HomeFood + WineYou say ‘shiraz’, we say ‘syrah’

You say ‘shiraz’, we say ‘syrah’

Murdoch Hill winemaker Michael Downer

A Hills winery has topped all the greatest icons of Australian Shiraz – and it’s sending a message that reflects our special environment.

One of the great joys in the Adelaide Hills is its cool, crisp evenings – especially in summer and autumn when the rest of the State can be sweltering.

While we’re turning off the air-conditioning as the sun sinks in the west, the region’s winemakers are also loving the fact that where we live helps immensely when it comes to making unique styles of cool-climate wines.

They refer to one of the main influences of the Adelaide Hills’ elevated landscape as a high diurnal temperature variation, when the thermometer swings daily from warm afternoons to cooler nights, which helps preserve the natural fruit acids in ripening grapes and aids their vibrant flavour profiles.

This daily degrees shift is a boon for crisp and refreshing white wines, and it also can have a profound impact on the country’s most popular variety of red wine.

In most regions of Australia it’s known as shiraz.

But in the Adelaide Hills, more and more producers are choosing the synonym syrah – pronounced “sirah”.

Why might that be points to a subtle but important shift in the varying wine styles that can arise out of the very same grape variety.

Shiraz, as we have long been accustomed in SA, will generally have a rich, intensely ripe, fruit-forward flavour profile with a full-bodied, higher-alcohol, heavyweight kind of drinking feel.

If a wine producer labels their shiraz as syrah, then you should expect the same grape to express a lighter to more medium bodied style, often a touch less alcohol, more fragrance to begin, and for many palates a subtle peppery spice note to the taste.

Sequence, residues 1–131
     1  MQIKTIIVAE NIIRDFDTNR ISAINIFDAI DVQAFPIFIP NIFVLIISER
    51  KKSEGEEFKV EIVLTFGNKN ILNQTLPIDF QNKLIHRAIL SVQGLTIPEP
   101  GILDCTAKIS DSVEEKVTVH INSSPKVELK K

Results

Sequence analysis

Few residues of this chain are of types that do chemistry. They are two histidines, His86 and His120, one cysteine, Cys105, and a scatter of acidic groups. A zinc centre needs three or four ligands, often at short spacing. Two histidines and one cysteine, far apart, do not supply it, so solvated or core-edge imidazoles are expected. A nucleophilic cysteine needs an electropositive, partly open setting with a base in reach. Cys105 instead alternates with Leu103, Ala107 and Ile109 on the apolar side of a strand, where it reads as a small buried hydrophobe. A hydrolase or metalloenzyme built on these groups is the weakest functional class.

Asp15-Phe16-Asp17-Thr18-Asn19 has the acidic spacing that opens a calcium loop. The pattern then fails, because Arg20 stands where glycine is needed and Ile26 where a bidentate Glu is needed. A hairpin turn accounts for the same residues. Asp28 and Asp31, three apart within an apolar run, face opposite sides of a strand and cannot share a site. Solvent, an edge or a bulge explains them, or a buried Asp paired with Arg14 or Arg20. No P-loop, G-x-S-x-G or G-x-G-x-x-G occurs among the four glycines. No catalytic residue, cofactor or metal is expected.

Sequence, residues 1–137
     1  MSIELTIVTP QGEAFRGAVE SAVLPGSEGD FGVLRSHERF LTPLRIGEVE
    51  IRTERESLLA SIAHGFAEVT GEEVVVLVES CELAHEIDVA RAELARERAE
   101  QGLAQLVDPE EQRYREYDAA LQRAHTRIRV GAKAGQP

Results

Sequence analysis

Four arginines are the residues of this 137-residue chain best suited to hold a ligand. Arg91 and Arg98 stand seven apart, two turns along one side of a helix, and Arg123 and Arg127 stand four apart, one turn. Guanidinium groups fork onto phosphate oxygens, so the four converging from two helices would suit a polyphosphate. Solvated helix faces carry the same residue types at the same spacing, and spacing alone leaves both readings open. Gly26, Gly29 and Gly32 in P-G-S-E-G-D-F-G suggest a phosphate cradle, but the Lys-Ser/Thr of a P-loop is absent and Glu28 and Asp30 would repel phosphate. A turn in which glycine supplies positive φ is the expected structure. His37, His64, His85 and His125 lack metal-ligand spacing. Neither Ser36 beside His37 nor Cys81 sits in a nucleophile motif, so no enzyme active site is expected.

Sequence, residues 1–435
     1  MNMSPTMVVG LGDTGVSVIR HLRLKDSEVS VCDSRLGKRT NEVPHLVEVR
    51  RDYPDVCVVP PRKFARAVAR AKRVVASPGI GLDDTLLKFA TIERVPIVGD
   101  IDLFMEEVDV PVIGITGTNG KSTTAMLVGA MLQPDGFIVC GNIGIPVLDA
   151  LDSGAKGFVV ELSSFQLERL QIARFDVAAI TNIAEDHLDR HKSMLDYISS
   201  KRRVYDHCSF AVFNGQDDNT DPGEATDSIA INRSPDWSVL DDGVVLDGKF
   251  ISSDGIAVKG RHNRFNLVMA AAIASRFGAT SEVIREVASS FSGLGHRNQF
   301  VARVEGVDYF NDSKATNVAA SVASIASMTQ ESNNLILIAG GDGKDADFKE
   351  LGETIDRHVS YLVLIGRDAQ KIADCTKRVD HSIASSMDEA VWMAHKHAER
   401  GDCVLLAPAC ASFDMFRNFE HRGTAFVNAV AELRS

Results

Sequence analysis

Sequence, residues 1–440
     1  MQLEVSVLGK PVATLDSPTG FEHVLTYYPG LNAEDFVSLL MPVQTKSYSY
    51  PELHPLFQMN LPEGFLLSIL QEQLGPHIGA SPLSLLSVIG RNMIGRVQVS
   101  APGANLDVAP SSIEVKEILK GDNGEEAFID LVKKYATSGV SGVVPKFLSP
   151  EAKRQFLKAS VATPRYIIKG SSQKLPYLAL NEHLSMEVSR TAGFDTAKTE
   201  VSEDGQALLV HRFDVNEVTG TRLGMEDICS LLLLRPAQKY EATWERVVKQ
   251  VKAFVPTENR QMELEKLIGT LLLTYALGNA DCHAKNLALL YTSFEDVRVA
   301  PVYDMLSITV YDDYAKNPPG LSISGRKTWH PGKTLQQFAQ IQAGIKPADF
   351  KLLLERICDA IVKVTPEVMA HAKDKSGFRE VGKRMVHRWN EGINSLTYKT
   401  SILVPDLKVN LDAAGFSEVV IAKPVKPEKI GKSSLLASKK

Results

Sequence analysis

Importantly, it should be emphasised, even if an Adelaide Hills label stays with the classic “shiraz” nomenclature, it will very likely have a more syrah-like expression – you can put that down simply to the region’s cooler climatic and growing season impacts.

One of the highest profile syrah devotees is Oakbank-based Murdoch Hill winemaker Michael Downer, who crafts three variations of the grape with different winemaking techniques, levels of intensity, and at different price points.

They start at the Murdoch Hill estate release ($36), then gather momentum with The Landau Single Vineyard Oakbank Syrah ($56), and the more reserve style Orion Oakbank Syrah ($91).

The 2021 vintage Landau Syrah attracted a huge wave of wine-loving attention to the Adelaide Hills region this year when it was voted by the lauded Halliday Companion of Wine tasting panel to be the best shiraz wine in the country, scoring an extraordinary 99 points out of 100 and trumping the finest wines from regions such as the Barossa and McLaren Vale where the variety reigns supreme (the 2021 vintage has sold out, and the 2022 vintage is now available, a deliciously aromatic and vibrant follow up).

All three Murdoch Hill syrah are very clear about expressing their regional and specific Oakbank vineyard characters in a more restrained style compared to more traditional blockbuster shiraz from other regions, Michael says.

“We’re looking for a style with a little more nuance, a little more restraint, more perfume, spice laden and more savoury,” he says.

“The cooler nights here promote greater tension and preserve the acidity and freshness of the fruit – these are the elements that define Hills syrah.

“There’s a lot of excitement in the region as a whole with the variety, whether you call it shiraz or syrah.”

Other key Adelaide Hills producers celebrating in style the new age of syrah include Sidewood, Michael Hall Wines, Mordrelle, Harrison Wines, Anvers and Vintage Longbottom, which crafts a straight Hills “H” Syrah as well as an attractive, aromatic “H” Pinot Noir/Syrah blend – the designer “H” marking on the bottles referring to their Hills origins.

“Defining the wines as syrah is about depicting the style as a lighter weight, more medium-bodied wine than the more classic shiraz from regions like McLaren Vale and Barossa,” proprietor Kim Longbottom says.

“People are getting their head around that now, that syrah does mean a lighter weight style of shiraz,” she says.

“There’s a cooler climate difference in the wine – a more elegant offering.

“And it’s a clear message about the Adelaide Hills.”

Tony Love is a writer, wine lover and proud Adelaide Hills resident. He was named the Wine Communicators of Australia 2018 Legend of the Vine (SA), was a member of the Halliday Wine Companion reviewing team for the 2022 edition, reviews for Winepilot and judges at regional and capital city shows. He is the South Australian Wine Ambassador for the Asian-Pacific Region.

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